BookJacketRegina Jonas–a Jewish woman born in Berlin in 1902 who died in Auschwitz in 1944–was the first woman on record to be ordained as a Rabbi.

Although she had been a teacher for decades and served in a quasi-clerical role for Jewish social service organizations, Jonas wasn’t actually ordained until 1935, when all German Jews who had the means to do so had already started to flee from the Nazi Regime.

This fascinating story (well-researched by Elisa Klapheck) had the makings of a terrific documentary film, & award-winning Hungarian filmmaker Diana Groo even had actress Rachel Weisz on hand to give voice to the various letters & sermons Jonas had the foresight to preserve before she was sent to Theresienstadt in 1942.

But alas, Groo decided to go wispy & oblique, making the narrative thread of Jonas’s actual life story almost impossible to discern. What a waste :-( (JLH: 3/5)

Click HERE to read our FF2 Haiku. Click HERE to read more about Regina Jonas in the Jewish Woman’s Archive.

Note for khaverim who use the New Reform Prayerbook Mishkan T’Filah: You will find these words from Rabbi Regina Jonas on the bottom of page 165 –>”God has placed abilities and challenges in our heart, without regard to gender. Each of us has the duty, whether man or woman, to realize those gifts God has given.”


Photo Credit: According to filmmaker Diana Groo, this is the only known photograph ever taken of Regina Jonas. As far as I can tell, the exact date is unknown (as well as the name of the photographer who took it), but since it also graces the cover of Elisa Klapheck’s book Fraulein Rabbiner Jonas, there may be more details there…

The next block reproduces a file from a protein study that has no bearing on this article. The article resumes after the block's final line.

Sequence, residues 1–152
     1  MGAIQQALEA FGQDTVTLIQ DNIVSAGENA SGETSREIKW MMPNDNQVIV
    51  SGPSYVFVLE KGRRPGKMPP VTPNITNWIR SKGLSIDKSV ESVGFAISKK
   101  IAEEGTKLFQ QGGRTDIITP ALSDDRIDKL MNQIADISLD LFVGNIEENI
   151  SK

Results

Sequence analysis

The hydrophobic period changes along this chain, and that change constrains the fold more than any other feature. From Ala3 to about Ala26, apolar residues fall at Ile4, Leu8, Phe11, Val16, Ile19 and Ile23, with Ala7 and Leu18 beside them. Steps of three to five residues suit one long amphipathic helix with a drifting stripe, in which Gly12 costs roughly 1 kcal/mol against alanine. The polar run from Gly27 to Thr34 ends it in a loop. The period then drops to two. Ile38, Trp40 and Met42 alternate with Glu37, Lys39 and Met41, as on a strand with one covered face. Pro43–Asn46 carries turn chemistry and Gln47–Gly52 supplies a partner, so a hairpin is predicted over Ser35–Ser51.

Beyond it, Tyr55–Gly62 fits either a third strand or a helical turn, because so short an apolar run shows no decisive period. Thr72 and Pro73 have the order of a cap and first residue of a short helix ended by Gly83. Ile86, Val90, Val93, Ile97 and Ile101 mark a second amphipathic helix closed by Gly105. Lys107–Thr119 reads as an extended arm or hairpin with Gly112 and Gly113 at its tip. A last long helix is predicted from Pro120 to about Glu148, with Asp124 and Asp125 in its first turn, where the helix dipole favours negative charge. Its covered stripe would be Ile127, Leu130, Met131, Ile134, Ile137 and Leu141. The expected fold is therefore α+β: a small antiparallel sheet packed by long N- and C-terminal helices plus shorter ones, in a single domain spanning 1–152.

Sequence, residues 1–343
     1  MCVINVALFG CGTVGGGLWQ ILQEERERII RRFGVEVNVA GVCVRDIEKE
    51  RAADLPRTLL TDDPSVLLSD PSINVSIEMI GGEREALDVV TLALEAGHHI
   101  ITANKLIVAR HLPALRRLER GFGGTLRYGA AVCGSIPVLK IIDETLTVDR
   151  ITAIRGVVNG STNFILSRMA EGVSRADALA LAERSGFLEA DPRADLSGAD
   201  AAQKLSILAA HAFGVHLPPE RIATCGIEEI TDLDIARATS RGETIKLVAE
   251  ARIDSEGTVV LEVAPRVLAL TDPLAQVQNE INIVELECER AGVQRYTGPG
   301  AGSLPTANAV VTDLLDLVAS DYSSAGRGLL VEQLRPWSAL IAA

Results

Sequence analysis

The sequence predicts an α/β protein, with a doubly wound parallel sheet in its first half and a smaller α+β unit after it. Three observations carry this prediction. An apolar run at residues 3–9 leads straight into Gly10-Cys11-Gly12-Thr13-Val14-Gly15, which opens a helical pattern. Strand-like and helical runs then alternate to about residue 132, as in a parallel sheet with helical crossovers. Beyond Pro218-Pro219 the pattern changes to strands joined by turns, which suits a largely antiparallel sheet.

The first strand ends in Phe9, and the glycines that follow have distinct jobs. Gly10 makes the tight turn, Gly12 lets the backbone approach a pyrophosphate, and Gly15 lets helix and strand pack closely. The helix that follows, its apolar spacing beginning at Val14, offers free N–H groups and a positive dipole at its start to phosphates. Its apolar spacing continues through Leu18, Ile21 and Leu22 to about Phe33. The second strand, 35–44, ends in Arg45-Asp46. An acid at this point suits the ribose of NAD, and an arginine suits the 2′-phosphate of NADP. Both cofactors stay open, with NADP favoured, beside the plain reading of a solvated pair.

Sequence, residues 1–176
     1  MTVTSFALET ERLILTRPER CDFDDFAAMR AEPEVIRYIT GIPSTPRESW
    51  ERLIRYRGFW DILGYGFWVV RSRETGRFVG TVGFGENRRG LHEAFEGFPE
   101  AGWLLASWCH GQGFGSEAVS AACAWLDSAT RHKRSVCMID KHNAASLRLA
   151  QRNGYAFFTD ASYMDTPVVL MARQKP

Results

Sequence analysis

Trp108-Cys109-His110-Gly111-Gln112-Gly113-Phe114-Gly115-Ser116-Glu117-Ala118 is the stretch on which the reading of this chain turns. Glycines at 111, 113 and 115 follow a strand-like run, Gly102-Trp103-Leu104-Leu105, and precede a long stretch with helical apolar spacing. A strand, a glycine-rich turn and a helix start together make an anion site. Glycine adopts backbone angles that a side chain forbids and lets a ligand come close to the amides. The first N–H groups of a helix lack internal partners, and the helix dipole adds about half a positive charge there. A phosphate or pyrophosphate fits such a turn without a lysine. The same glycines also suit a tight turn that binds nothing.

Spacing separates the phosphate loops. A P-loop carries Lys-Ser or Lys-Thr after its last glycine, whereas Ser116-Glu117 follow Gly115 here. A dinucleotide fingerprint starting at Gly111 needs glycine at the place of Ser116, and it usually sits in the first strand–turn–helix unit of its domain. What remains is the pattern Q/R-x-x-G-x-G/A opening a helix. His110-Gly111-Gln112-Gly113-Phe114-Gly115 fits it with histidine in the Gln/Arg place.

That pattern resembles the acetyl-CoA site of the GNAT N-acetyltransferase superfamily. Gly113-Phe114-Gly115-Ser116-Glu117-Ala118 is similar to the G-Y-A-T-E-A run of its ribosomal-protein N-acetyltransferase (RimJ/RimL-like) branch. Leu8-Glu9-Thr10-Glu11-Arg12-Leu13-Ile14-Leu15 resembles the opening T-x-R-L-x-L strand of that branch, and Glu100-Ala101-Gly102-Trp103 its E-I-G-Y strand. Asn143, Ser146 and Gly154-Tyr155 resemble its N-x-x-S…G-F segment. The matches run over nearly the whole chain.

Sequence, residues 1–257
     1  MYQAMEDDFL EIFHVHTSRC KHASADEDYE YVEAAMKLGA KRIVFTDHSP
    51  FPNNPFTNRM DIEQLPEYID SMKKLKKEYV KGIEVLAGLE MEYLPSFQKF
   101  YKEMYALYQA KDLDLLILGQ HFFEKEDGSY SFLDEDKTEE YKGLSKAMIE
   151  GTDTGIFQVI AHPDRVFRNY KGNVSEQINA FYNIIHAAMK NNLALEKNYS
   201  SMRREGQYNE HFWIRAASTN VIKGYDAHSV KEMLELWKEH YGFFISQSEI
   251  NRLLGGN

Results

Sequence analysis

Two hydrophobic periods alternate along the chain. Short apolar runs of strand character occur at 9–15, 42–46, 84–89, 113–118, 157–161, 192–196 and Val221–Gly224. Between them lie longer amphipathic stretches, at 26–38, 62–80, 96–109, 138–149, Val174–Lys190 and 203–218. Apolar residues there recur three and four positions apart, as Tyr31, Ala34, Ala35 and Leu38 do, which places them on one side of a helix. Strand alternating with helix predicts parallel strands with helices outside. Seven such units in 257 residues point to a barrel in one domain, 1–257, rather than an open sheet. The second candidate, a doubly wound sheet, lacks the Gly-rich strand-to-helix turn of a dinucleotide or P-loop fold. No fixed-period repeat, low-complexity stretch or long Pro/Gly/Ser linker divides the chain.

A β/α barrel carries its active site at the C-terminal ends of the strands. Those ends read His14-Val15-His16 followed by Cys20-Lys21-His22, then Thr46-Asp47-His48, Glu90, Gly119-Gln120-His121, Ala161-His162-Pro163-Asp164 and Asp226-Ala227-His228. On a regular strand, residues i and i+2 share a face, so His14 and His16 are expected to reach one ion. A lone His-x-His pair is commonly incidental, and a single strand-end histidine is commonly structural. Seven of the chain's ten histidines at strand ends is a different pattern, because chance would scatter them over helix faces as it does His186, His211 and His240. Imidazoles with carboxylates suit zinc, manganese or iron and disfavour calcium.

NYJFF NOTE: George Weisz (father of Rachel Weisz) is one of the producers of Regina & has optioned the rights for a feature film. Rachel Weisz is a terrific actress–in fact one of our favorites–so she could surely do a splendid job if she decides to take this on in future.

George Weisz attended the 1/13/14 screening & did a brief introduction. Diana Groo, who is from Hungary, was also there.She did a Q&A after the credits rolled. She said she had worked on the film for 7 years. “My primary concern was her personality,” said Groo, “not the fact that she was the first female Rabbi.”

Neither Weisz nor Groo specified how they first came to know each other. Groo only said “George Weisz [who was also born in Hungary] stood behind this film from the beginning.”

They are currently working together now on a new film about a Hungarian Blood Libel case.

Tags: Rachel Weisz, Regina Jonas
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